Fujifilm GFX50S II Image Gallery
February 21st, 2022
The last time I was reviewing Fujifilm’s medium format lineup was with their extremely high resolution and extremely high-priced Fujfilm GFX 100 camera body and its incredible 102 megapixels of resolution along with two lenses, the slightly older GF 45mm F2.8 WR and the brand new GF 80mm F1.7 WR short telephoto lens. While I didn’t love the ergonomics of that camera or its autofocus system, I was blown away by the image quality. I saw details from my test chart that I had simply never seen before. The Fujifilm GFX50S II that I’m reviewing today fills a different niche – a truly affordable (in medium format terms) camera that gives potential full frame camera customers an alternative. Though the price tag of $4000 USD isn’t cheap in an absolute sense, in medium format terms this is a bargain basement price – you could buy 2.5 of these for the same price as the GFX-100. The formula is simple: Fuji took the sensor from the older GFX50R and put it into the new body of the GFX100S. This combo of two existing systems allowed them to offer the GFX50S II for $2000 less than the GFX100S. That’s a lot of savings, obviously, but at the end of the day the fact that the GFX100S is essentially better at everything and only $2000 more may the most compelling argument against the GFX50S II.
Fuji is also debuting a new affordable kit lens – the GF 35-70mm F4.5-5.6. The lens is priced at $1000 USD, but can be added in kit with the GFX50S II for only a $500 premium. The lens is a nice value in a kit like that, and I’ll share a review of the lens as a part of my review series. It is very capable of producing some stunning images when paired with the GFX50S II.
We haven’t seen a true kit lens for the GF series before, and while kit lenses are rarely the epitome of optical quality, they serve an important purpose of giving people a way to start capturing images immediately with their new camera. This to me highlights yet another way that Fuji has made medium format much more accessible. Their mirrorless medium format cameras in some ways are not dissimilar to APS-C bodies like the X-T3 or X-T4, and are marketed as an upgrade over full frame to higher optical limits. Purists will point out that Fujifilm’s GFX sensor is not actually true medium format. It’s true that the sensor size (43.8 x 32mm) is about halfway between a full frame sensor (35.9 x 24mm) and Hasselblad’s 53 x 40mm sensor size. You can see a comparison of sensor size below:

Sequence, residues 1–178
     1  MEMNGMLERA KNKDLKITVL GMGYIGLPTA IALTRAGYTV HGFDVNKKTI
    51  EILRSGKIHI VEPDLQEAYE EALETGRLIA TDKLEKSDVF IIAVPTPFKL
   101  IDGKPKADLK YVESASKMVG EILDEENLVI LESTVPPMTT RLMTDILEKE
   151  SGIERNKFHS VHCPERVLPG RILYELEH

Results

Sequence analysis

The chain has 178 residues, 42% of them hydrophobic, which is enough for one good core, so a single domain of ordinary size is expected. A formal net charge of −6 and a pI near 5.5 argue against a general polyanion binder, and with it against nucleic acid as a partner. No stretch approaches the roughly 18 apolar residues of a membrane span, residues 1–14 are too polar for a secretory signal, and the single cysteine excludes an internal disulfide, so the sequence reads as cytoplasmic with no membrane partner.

While Fuji’s sensor is smaller than the larger Hasselbad/Phase One sensor, it is worth noting that it is also nearly 70% bigger than the full frame standard! But the newer GFX-100 has even more accessible resolution due to having IBIS (In Body Image Stabilization), as stabilization is really important to getting excellent results where so much resolution is on tap. That makes each individual pixel about 30% bigger, which has the advantage of smoother gradations of color and light. There’s something very special about the rendering from medium format.
One significant challenge for Fuji, however, is that in some ways they have painted themselves into a corner. The medium format market is very much a niche market, and in the past the major players in the space (Hasselblad, Phase One, and Leica) were largely content to keep it as an exclusive club. The cameras were extremely expensive (often tens of thousands of dollars) and weren’t really compared to other systems. Medium format has always been fairly inaccessible, and it was understood that there were a lot of serious compromises/challenges to using the systems (One of my subscribers on YouTube mentioned that his long term rental Phase One medium format back had one!!! focal point in its autofocus “system”. Both the incredible prices and the incredible image quality made medium format the exclusive domain of well-heeled professionals. Fujifilm entered the space as a disrupter and began marketing their medium format cameras as alternatives to full frame. This is never truer than with the GFX50S II, which shares the 50MP resolution point with my Sony Alpha 1 that is my “daily driver” but is actually considerably cheaper. My other main camera is the Canon EOS R5 with a similar 45MP resolution. The price of the R5 is pretty similar to the 50S II, so it is natural to draw comparisons between these systems…and not just the ones that Fuji wants you to. Yes, the larger sensor does bring some real advantages (as we’ll explore), but as a camera system it is still very primitive when compared to its feature-rich brethren.
Are you a candidate for Fuji’s medium format alternative to the traditional full frame route? Join me as we explore this rather complicated topic. You can find out my thoughts by reading the text review, watching the definitive video review…or just enjoy the photos below!
Thanks to Fujifilm Canada for providing me the loaner of the cameras and lenses to do this review. As always, this is a completely independent review and my findings are entirely my own.
Photos of the Fujifilm GFX50S II
Photos Taken with the Fujifilm GFX50S II
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Keywords: Fujifilm, Fujifilm GFX50S II, Fujifilm GFX-50S II, GFX50SII Review, Review, Fujinon, Fuji, GF, GF 110mm, GF 110mm F2, Fuji 35-70mm F4.5-5.6, WR, Medium Format, Fuji GFX50S II, GFX, 50S II, MF, Portrait, Bokeh, Sharpness, Resolution, Video Test, Sample Images, Real World, Comparison, Sony Alpha 1, Fuji GF 80 Review, review, Dustin Abbott
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